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Big Scary Daemons

CVS Mirror

08/30/2001

If you run CVSup on two identical servers, five minutes apart, you will have a slightly different operating system on both systems. If you're running several production machines, you'd be best served if all the systems were absolutely identical. Even if they're running a version of stable somewhere between 4.3-release and 4.4-release, being able to eliminate differing software as a potential problem can help troubleshooting immensely. You don't want to think "Gee, Server 1 keeps dying. Could it be because each server has a very slightly different version of FreeBSD?" That way lies madness.

If you have several servers to upgrade, you're going to increase the load on the CVSup mirrors. And each load will be slightly different.

CVSup includes the ability to upgrade to the code as it stood on a particular date, but even that's not a guarantee. After all, the mirror operators are human, and the mirror hardware is fallible. It would be simpler to have your own source code repository on hand.

Having your own source code repository is pretty simple, actually. It's easy to do. It will make you popular with the mirror operators -- or at least, won't make you unpopular with them, which is almost as good.

The main mirror sites update their source code repository once an hour. In many cases, I don't upgrade a local cvsup server except by hand. When I have many machines and want to upgrade them all to the exact same version of -stable, I can just upgrade them from the local repository and be sure that they're all identical. I frequently upgrade one server, put it through a few rounds of load testing, and then upgrade the rest.

Running a cvsupd server isn't an easy task, but there's help to make it simpler. The port /usr/ports/net/cvsup-mirror handles all the tricky bits of configuring a mirror.

When you install the port, cvsup-mirror asks you some questions. While there are default suggestions, you need to change many of them.

Master site for your updates [cvsup-master.freebsd.org]?

The default, cvsup-master.freebsd.org, is reserved for official FreeBSD mirror use. Access to this system is tightly controlled by authentication keys; not just any doofus can use it. See the earlier article in this series for some hints on choosing a CVSup server.

How many hours between updates of your files [1]?

The script updates /etc/crontab to run CVSup automatically. This default is intended for public mirrors. You probably don't need to upgrade more than once a day. Remember, every connection you make just increases the load on the mirrors. Are you really going to upgrade local systems every hour?

Do you wish to mirror the main source repository [y]? 
Where would you like to put it [/home/ncvs]? /repo
Do you wish to mirror the installed World Wide Web data [y]? n
Do you wish to mirror the GNATS bug tracking database [y]? n
Do you wish to mirror the mailing list archive [y]? n

Most people just need the main source repository. If you want to mirror the whole www.freebsd.org site, including the PR database and the mailing list archives, you can answer the last three questions "y." (The mailing list archives are huge. Don't download them on a lark; this lark will peck out your eyes.) The source repository itself is about 1.3G at the moment, and grows slowly but continuously. Changes that make the size jump dramatically are referred to as "repo bloat."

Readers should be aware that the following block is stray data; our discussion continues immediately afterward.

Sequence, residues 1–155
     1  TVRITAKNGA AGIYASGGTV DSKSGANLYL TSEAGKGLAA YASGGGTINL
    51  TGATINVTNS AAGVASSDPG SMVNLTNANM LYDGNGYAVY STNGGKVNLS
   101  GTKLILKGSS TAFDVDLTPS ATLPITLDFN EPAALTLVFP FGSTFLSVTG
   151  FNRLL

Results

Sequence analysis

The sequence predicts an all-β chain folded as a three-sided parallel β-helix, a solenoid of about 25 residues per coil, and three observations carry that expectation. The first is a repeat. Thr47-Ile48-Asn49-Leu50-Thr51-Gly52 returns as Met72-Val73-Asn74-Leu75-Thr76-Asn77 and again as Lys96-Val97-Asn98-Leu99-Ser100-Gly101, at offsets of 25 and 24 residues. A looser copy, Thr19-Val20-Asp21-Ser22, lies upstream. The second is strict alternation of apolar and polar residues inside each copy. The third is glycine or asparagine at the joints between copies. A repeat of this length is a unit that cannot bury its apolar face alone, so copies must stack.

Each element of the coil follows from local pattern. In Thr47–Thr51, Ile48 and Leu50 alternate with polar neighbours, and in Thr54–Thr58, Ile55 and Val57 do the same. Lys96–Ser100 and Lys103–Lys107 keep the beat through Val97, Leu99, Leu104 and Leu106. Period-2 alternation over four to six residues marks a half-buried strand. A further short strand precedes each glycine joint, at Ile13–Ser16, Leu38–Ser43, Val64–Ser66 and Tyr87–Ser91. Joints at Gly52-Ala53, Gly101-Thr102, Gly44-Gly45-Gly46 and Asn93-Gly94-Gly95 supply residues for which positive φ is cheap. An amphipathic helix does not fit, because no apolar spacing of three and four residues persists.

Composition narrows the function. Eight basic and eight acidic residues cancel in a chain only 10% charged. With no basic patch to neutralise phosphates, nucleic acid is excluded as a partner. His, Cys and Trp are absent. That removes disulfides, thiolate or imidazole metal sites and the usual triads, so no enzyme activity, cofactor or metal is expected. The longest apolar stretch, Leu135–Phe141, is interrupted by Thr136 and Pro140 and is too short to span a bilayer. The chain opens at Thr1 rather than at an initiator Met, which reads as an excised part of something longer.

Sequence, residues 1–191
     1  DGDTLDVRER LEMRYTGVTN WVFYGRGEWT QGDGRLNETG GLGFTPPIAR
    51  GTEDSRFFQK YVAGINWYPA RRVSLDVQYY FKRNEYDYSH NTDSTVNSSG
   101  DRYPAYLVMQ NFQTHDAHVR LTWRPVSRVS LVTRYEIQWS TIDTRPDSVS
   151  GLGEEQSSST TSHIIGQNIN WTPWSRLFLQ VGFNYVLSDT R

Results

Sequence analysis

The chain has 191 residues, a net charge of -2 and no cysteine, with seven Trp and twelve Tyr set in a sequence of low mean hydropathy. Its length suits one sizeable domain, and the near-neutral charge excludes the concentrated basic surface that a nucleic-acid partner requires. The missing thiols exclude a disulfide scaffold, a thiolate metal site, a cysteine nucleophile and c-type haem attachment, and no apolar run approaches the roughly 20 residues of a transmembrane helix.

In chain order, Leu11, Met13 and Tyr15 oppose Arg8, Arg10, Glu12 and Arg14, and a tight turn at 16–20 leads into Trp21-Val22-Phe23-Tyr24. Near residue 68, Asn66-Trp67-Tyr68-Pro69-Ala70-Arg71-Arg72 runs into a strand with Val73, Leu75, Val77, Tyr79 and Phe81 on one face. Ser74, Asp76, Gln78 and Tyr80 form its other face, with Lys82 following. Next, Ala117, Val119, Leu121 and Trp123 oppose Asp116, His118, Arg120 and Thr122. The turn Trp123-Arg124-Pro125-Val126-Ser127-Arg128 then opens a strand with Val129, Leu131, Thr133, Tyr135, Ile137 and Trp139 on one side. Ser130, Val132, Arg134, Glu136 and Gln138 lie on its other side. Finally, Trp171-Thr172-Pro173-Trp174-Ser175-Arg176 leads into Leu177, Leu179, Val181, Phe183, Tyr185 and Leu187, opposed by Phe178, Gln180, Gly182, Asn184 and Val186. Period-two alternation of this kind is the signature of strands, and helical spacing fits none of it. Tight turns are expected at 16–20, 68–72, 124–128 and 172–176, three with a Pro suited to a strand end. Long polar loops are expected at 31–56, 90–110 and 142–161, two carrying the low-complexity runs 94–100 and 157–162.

Use unique user and group IDs for these. Don't use "nobody," "nonroot," or "nogroup;" these users are usually used by other processes. After all, you don't want a broken Apache server to compromise your CVSup mirror, do you?

Unique unprivileged user ID for running the client [cvsupin]? 
Unique unprivileged group ID for running the client [cvsupin]? 
Unique unprivileged user ID for running the server [cvsup]? 
Unique unprivileged group ID for running the server [cvsup]?

You can use the defaults, or use user and group names that fit your local scheme.

Maximum simultaneous client connections [8]?

The maximum simultaneous client connections is easy to change, so don't sweat it. We'll see how in the cvsupd.access file, below.

The make install process adds these usernames, sets the configuration, and generally gets you ready to go.

Installing and Upgrading Your Repository

Also in Big Scary Daemons:

Running Commercial Linux Software on FreeBSD

Building Detailed Network Reports with Netflow

Visualizing Network Traffic with Netflow and FlowScan

If you took the default during the cvsup-mirror setup, your system will upgrade its repository once an hour via cron. If not, you must run the update script /usr/local/etc/cvsup/update.sh by hand.

The first time the update script runs, it will download and configure the entire repository. This first download takes quite a while -- in my case, two hours over a cable modem. This initial download is a great candidate for a 3AM Sunday night cron job. Updates are much quicker.

Once you're sure your repository is working, you can improve performance by adding the -s option to update.sh. This turns on mirror mode. In this mode, cvsupd assumes that you have not touched any repository files by hand, and it can take some shortcuts that speed things up considerably.

Using Your New CVSup Server

This is simplicity itself. Just change the client's supfile to include

*default host=local.cvsup.server.hostname

That's it!

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